Faculty Defends Calderón’s HKS Fellowship

Just days after the announcement that former Mexican President Felipe Calderón will assume a fellowship position at the Harvard Kennedy School, Harvard faculty defended the Kennedy School alumnus against criticism of his new appointment.

A petition posted on asks Harvard to deny Calderón employment at the Kennedy School, claiming that Calderón is responsible for the deaths of innocent people as a result of his war on drug cartels. As of press time on Monday, the petition had garnered over 500 signatures.

Kennedy School Dean David T. Ellwood ’75 wrote in an email that although he recognizes that not everyone agrees with Calderón’s policies, Kennedy School administrators believe the fellowship offers students the opportunity to “engage with world leaders and to ask difficult questions on important public policy issues.”

But former U.S. Border Patrol agent John Randolph, who started the petition, said he was “outraged” by Harvard’s decision to bring Calderón to Cambridge.

“I don’t understand why we would award someone like Calderón to come here to have a lucrative teaching job at a place like Harvard when there’s so much controversy and so much hatred in his country about the things that happened while he was president,” Randolph said. “I don’t think it’s right.”

Erich Moncada, a Mexican radio host and producer who signed the petition, said he understands that Calderón needed to engage in a drug war to fight criminals and uphold the law. However, Moncada questioned Calderón’s execution of the war, alleging that his military disregarded human rights. In November 2011, the nonprofit Human Rights Watch released a report saying they had found evidence that Mexican security forces were responsible for 170 torture cases, 39 disappearances, and 24 unsanctioned killings since Calderón took office in 2006.

Morgan Smith ’60, a freelance writer and photographer, said he has seen firsthand what he described as disastrous Mexican military tactics during his travels in Ciudad Juárez, Mexico.

Although Smith said he thinks that Calderón’s fellowship at Harvard will bring much-needed attention to the Latin-American nation, he warned that Calderón’s time at Harvard might be “messy” if Calderón is too focused on trying to protect his record and unwilling to engage in honest conversation about the problems facing Mexico.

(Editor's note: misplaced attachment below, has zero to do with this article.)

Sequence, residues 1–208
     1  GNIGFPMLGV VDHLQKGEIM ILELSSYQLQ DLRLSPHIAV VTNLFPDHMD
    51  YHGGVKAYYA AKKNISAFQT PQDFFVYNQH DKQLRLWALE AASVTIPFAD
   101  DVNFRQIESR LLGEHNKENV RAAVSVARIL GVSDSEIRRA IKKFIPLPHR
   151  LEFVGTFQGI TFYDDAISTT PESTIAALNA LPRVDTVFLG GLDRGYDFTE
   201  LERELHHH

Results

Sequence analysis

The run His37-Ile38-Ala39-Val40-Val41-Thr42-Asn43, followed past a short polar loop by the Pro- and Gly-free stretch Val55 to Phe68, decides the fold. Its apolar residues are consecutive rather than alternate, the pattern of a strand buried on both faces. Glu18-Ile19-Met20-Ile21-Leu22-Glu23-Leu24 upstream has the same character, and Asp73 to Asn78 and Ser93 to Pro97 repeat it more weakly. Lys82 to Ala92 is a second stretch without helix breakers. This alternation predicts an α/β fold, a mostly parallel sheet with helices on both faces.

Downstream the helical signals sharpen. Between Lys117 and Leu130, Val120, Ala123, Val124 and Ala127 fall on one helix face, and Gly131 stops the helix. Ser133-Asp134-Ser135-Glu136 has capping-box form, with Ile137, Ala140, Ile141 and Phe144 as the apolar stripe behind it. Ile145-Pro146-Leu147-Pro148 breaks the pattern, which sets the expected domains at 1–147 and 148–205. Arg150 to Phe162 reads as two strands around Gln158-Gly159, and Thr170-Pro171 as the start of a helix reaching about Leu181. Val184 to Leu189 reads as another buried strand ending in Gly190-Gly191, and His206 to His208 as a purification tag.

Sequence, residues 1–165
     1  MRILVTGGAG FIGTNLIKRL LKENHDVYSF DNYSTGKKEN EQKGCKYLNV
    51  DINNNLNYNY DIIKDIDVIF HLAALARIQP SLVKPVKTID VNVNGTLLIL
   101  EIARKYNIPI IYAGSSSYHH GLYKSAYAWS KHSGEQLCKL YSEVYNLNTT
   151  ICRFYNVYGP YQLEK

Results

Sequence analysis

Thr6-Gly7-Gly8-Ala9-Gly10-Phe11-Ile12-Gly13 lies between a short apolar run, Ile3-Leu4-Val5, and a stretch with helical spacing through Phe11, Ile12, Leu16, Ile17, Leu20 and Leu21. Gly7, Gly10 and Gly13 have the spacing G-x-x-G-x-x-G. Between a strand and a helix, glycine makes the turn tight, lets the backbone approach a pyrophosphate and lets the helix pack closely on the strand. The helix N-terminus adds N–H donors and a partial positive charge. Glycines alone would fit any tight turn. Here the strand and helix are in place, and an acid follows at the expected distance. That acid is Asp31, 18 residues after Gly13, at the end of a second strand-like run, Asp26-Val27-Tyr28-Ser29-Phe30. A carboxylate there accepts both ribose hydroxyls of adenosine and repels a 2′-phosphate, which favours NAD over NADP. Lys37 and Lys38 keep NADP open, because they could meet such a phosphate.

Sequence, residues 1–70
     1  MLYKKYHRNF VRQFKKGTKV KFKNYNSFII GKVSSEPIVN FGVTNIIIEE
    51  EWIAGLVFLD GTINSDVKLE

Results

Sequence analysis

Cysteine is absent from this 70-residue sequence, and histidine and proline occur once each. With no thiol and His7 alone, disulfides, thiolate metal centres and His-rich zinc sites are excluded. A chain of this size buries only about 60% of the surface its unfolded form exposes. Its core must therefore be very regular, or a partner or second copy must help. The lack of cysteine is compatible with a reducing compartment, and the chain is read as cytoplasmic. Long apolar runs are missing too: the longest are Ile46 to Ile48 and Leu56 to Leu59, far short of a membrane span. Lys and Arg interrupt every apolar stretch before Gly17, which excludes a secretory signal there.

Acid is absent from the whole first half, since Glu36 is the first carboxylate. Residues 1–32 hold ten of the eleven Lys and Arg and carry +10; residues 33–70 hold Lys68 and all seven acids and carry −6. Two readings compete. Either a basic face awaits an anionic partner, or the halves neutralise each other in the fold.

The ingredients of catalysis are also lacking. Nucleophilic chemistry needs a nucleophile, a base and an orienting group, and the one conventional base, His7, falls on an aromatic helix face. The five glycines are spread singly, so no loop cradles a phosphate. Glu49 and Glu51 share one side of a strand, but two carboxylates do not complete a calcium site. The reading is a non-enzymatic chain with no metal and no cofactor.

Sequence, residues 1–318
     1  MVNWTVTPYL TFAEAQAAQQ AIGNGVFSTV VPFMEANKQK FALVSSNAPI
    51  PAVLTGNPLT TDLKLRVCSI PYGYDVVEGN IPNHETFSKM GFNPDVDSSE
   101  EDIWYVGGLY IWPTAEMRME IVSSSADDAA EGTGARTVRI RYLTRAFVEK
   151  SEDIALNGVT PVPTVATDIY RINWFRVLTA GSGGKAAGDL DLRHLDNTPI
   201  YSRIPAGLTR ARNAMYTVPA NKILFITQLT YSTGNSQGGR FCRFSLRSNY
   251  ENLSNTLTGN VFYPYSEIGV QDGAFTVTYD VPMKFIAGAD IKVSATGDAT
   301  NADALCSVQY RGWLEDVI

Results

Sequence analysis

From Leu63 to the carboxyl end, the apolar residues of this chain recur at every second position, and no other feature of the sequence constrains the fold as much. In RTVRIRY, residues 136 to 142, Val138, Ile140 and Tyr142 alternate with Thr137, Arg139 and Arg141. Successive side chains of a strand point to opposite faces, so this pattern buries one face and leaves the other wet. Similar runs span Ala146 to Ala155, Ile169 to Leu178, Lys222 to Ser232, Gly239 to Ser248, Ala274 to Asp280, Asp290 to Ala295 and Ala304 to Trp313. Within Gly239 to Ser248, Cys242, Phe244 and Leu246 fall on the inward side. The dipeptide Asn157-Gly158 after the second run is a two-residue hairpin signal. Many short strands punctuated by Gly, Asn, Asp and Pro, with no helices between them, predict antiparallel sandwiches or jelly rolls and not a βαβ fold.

Harvard professors were Skeptical about the campaign to block Calderón from working at Harvard.

Government professor Steven R. Levitsky said that although Calderón’s administration may have contributed to violence in Mexico in its attempt to fight the drug war, the vast majority of homicides in the country are a result of violence between drug trafficking organizations.

“There are lots of criticisms you can make of the Calderón government, but nothing remotely that would warrant not bringing him to Harvard,” Levitsky said.

Jorge I. Dominguez, government professor and vice provost for international affairs, went a step further, defending Calderón’s legacy as one of improved civil liberties, reduced poverty rates, and faster economic development.

“I am certain...that this is a good person, a good president, and that the Kennedy School did the right thing to appoint him as Fellow,” Dominguez wrote in an email.

Calderón, who left presidential office on Saturday, is slated to begin his new position at the Kennedy School in late January.

There, he will give special lectures, collaborate with researchers, and write case studies based on the challenges he faced in office.

—Steven R. Watros contributed to the reporting of this article.